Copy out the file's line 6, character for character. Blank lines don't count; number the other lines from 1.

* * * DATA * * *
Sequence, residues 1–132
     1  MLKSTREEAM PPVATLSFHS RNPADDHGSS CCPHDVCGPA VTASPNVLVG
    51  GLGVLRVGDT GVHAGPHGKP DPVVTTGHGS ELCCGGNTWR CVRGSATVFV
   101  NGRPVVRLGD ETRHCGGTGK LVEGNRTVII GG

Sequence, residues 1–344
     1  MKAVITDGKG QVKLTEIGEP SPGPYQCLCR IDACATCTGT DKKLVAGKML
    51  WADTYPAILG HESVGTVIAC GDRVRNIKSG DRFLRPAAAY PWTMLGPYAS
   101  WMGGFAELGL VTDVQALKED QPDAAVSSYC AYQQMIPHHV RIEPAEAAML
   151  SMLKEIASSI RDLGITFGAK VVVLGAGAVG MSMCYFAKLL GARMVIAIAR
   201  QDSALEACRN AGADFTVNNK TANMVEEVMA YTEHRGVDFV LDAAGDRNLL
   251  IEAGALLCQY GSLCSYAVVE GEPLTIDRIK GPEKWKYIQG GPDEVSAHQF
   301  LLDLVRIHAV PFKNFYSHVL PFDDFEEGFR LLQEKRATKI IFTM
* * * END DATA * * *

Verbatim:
     1  MKAVITDGKG QVKLTEIGEP SPGPYQCLCR IDACATCTGT DKKLVAGKML